Daisy Miller

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Harper, 1920 - American fiction - 295 pages
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User Review  - AJBraithwaite - LibraryThing

The first thing I've read by Henry James and I wasn't dazzled by it. It boils down to a simple morality tale - mothers lock up your daughters, young ladies don't you dare to gad about Rome with ... Read full review

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User Review  - lkernagh - LibraryThing

I am not sure if Henry James and I are meant to “get along”. I thought I would tread gently into his works by starting off with this short novella. On its surface, [Daisy Miller] is nothing more than ... Read full review

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Page 134 - You were right in that remark that you made last summer. I was booked to make a mistake. I have lived too long in foreign parts." Nevertheless, he went back to live at Geneva, whence there continue to come the most contradictory accounts of his motives of sojourn: a report that he is "studying" hard— an intimation that he is much interested in a very clever foreign lady.
Page 16 - Winterbourne mentally accused it — very forgivingly — of a want of finish. He thought it very possible that Master Randolph's sister was a coquette ; he was sure she had a spirit of her own ; but in her bright, sweet, superficial little visage there was no mockery, no irony. Before long it became obvious that she was much disposed towards conversation. She told him that they were going to Rome for the winter — she and her mother and Randolph. She asked him if he was a
Page 132 - Giovanelli was very pale ; on this occasion he had no flower in his button-hole ; he seemed to wish to say something. At last he said, " She was the most beautiful young lady I ever saw, and the most amiable." And then he added in a moment, " And she was the most innocent.
Page 124 - Daisy's behaviour and the riddle had become easy to read. She was a young lady whom a gentleman need no longer be at pains to respect. He stood there looking at her — looking at her companion, and not reflecting that though he saw them vaguely, he himself must have been more brightly visible.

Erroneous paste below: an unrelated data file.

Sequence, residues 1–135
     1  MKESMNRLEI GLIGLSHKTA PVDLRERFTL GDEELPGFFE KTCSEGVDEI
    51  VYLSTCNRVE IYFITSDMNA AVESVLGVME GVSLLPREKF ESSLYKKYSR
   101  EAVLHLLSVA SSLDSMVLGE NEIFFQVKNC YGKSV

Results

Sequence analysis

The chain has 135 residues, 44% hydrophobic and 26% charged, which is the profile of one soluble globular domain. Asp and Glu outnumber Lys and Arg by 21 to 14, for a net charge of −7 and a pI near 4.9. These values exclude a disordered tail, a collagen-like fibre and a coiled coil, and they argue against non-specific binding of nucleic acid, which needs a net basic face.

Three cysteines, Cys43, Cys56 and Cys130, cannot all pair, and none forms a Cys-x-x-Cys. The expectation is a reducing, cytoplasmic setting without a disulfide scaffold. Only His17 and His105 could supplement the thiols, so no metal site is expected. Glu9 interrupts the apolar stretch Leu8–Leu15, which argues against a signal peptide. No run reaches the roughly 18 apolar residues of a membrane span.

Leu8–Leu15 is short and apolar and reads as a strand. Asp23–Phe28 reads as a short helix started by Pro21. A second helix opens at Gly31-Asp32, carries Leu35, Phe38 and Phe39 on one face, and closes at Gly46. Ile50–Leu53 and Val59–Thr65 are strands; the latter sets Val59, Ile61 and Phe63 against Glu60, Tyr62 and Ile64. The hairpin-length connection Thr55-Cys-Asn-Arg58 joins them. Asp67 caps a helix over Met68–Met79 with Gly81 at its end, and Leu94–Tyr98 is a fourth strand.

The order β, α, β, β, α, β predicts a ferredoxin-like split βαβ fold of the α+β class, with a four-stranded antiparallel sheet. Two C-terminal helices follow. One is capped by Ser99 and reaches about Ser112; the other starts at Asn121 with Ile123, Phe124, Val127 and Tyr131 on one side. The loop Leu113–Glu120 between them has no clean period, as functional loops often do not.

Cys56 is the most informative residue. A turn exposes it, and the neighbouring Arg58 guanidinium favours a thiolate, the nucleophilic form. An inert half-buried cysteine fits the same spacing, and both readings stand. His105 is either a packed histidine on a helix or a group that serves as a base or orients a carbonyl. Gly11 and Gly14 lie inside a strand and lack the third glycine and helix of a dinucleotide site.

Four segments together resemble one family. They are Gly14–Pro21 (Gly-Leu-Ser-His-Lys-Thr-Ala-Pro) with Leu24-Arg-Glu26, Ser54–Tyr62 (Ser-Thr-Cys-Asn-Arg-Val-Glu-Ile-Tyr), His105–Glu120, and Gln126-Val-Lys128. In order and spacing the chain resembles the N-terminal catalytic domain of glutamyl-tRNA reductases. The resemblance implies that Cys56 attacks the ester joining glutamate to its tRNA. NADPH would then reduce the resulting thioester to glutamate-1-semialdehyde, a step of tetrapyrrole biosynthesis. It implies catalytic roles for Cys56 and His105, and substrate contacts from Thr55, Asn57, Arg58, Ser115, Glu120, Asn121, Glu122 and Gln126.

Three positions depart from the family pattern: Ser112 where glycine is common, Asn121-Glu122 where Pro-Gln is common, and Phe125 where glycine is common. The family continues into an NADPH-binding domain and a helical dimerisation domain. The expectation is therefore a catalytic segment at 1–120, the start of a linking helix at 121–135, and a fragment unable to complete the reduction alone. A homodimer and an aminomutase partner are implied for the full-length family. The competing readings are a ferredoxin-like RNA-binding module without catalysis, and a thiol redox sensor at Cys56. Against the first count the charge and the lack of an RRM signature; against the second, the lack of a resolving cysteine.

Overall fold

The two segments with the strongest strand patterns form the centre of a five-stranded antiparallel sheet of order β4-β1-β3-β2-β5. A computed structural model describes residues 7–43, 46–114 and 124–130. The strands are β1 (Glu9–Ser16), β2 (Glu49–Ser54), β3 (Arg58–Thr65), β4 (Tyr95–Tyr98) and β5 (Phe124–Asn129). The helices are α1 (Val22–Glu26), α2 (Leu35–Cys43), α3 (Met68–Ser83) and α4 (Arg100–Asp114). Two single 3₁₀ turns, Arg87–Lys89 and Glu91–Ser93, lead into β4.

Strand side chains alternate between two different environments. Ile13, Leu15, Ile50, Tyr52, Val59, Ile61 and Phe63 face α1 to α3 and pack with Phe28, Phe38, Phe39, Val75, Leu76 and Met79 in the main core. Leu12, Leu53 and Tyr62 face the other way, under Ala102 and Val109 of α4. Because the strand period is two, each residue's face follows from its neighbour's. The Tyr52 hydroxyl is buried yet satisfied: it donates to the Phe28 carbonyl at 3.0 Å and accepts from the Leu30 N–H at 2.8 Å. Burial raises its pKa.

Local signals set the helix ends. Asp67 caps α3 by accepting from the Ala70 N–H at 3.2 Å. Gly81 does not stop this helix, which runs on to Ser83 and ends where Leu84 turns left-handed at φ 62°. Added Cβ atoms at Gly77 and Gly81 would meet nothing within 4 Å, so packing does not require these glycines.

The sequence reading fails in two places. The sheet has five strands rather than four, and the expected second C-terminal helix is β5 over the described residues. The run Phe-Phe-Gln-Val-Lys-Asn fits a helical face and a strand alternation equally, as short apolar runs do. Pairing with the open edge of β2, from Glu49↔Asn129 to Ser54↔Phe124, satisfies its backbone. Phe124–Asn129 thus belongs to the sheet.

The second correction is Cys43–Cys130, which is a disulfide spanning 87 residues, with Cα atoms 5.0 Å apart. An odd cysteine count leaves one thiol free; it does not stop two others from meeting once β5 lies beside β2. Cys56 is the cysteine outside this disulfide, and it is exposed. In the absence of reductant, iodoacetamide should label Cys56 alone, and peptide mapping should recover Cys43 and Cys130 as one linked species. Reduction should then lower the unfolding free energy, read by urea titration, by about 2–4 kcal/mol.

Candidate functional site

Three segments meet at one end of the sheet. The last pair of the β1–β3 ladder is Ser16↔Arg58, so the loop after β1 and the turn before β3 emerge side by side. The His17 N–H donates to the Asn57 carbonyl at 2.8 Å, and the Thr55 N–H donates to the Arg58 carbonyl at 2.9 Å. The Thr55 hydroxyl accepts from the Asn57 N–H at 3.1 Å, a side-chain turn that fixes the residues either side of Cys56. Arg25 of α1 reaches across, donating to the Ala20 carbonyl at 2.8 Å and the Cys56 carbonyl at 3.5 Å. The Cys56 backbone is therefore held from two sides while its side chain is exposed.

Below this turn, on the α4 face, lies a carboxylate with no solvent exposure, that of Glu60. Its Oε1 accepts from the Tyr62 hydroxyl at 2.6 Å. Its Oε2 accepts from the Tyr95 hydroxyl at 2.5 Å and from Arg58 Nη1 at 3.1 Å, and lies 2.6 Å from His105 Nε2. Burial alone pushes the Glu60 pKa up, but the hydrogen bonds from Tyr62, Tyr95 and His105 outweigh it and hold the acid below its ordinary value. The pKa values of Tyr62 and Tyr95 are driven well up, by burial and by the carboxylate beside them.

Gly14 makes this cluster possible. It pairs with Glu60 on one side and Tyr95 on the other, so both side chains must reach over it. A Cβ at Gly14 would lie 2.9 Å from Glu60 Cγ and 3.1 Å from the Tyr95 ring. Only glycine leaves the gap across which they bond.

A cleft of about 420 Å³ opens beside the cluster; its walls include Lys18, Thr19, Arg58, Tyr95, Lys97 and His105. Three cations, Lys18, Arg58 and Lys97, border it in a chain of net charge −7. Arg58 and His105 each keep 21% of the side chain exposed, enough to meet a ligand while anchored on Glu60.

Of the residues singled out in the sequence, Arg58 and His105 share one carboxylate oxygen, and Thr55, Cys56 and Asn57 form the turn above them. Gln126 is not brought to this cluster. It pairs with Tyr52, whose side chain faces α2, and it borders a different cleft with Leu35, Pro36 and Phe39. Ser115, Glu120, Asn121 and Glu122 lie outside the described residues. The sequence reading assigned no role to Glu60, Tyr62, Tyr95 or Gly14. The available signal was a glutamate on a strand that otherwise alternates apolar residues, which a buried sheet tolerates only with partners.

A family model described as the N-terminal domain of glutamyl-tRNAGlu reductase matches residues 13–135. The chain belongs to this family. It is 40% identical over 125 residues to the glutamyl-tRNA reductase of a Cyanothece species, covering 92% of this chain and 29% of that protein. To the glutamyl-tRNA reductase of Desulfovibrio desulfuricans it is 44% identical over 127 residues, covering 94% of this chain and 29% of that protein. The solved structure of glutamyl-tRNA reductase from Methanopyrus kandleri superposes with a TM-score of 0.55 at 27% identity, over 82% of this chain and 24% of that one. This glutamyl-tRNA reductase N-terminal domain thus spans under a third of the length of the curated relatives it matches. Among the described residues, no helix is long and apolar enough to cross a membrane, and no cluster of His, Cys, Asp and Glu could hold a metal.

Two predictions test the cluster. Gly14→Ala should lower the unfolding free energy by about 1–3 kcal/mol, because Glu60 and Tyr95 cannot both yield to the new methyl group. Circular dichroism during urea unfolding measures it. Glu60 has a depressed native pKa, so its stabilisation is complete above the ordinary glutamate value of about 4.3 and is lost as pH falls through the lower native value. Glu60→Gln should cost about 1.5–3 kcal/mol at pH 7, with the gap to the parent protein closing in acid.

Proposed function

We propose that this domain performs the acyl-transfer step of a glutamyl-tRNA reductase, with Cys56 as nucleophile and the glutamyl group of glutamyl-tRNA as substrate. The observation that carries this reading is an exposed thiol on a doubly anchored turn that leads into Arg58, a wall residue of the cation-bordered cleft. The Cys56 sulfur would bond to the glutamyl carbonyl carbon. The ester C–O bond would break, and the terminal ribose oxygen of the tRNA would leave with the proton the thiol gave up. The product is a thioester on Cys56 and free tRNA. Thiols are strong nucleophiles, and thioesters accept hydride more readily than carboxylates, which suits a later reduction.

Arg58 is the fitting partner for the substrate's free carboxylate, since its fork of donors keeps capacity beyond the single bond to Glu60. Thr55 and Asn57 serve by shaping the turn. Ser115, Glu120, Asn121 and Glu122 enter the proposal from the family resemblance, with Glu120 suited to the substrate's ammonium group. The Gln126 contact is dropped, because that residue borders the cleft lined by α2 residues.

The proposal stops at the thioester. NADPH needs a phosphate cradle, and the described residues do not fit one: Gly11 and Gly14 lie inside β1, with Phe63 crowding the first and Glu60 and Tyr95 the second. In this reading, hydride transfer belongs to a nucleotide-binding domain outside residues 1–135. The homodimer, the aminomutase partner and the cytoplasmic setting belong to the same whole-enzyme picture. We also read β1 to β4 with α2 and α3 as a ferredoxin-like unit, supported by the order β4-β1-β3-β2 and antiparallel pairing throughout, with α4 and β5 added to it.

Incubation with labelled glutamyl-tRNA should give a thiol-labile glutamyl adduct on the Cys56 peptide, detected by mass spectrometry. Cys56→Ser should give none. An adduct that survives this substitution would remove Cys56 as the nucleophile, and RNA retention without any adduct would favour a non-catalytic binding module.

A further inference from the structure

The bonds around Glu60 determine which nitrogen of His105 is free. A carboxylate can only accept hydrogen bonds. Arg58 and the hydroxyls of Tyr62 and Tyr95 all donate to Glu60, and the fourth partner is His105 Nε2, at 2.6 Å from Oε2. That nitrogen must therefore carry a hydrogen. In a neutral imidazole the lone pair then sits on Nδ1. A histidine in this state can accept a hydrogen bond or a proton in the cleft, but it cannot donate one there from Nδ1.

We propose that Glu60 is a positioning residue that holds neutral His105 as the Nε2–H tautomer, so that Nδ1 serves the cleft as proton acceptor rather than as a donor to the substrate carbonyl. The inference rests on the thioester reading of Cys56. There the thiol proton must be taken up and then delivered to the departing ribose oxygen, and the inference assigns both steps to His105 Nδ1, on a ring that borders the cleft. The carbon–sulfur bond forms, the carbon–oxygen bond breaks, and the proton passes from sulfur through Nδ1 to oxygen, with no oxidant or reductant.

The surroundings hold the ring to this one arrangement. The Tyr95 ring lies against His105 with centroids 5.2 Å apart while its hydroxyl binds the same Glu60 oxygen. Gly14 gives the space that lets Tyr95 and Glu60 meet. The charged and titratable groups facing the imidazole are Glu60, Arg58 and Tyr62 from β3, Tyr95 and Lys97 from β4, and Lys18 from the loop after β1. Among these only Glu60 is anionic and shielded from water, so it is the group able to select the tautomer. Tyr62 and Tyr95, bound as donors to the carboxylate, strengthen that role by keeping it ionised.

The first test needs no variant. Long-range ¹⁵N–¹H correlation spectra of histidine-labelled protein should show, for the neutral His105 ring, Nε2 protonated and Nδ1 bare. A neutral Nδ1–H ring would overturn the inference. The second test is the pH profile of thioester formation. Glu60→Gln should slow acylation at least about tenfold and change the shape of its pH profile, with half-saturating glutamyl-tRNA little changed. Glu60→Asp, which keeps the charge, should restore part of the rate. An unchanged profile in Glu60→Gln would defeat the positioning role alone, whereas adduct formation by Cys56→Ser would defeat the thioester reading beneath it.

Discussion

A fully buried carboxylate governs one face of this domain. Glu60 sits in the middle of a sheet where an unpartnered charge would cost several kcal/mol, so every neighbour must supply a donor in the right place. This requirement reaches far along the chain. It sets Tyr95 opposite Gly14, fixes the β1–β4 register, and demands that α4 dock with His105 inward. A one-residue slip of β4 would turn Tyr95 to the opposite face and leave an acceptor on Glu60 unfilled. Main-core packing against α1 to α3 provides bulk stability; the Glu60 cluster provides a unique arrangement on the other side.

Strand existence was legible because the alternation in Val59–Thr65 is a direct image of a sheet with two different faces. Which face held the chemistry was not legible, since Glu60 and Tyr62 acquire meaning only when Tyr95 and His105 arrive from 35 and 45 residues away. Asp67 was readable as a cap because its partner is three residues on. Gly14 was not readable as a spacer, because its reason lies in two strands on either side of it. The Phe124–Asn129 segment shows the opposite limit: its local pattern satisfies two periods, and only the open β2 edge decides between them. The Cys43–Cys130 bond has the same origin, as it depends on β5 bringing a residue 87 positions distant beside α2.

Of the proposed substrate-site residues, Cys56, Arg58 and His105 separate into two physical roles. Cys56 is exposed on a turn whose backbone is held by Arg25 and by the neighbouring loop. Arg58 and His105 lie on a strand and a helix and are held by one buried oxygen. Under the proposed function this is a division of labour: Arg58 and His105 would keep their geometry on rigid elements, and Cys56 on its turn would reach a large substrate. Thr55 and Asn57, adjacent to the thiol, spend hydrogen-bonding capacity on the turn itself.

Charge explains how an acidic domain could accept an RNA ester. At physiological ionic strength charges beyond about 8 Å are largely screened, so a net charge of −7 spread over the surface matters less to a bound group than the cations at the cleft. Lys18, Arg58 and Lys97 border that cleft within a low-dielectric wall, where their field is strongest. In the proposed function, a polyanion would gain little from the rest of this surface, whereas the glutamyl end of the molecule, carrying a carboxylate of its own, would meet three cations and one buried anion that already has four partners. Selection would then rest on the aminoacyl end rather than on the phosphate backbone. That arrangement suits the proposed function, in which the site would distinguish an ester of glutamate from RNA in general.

Page 11 - I imagine that is your fault, not hers," said Winterbourne. The young lady meanwhile had drawn near. She was dressed in white muslin, with a hundred frills and flounces, and knots of pale-colored ribbon. She was bare-headed; but she balanced in her hand a large parasol, with a deep border of embroidery; and she was strikingly, admirably pretty. "How pretty they are!
Page 128 - Daisy, in a little strange tone, " whether I have Roman fever or not!" Upon this the cab-driver cracked his whip, and they rolled away over the desultory patches of the antique pavement. Winterbourne, to do him justice, as it were, mentioned to no one that he had encountered Miss Miller, at midnight, in the Colosseum with a gentleman...
Page 22 - I had seventeen dinners given me; and three of them were by gentlemen," added Daisy Miller. "I have more friends in New York than in Schenectady — more gentlemen friends; and more young lady friends too," she resumed in a moment. She paused again for an instant; she was looking at Winterbourne with all her prettiness in her lively eyes and in her light, slightly monotonous smile. "I have always had," she said, "a great deal of gentlemen's society.
Page 20 - It might have been said of this unknown young lady, who had come and sat down beside him upon a bench, that she chattered. She was very quiet, she sat in a charming tranquil attitude; but her lips and her eyes were constantly moving. She had a soft, slender, agreeable voice, and her tone was decidedly sociable.
Page 46 - Italy. It seems as if there would be so many there," continued Mrs. Miller, with an air of increasing confidence. "Of course we only want to see the principal ones. We visited several in England," she presently added. "Ah yes! in England there are beautiful castles,
Page 4 - There are sights and sounds which evoke a vision, an echo, of Newport and Saratoga. There is a flitting hither and thither of 'stylish...

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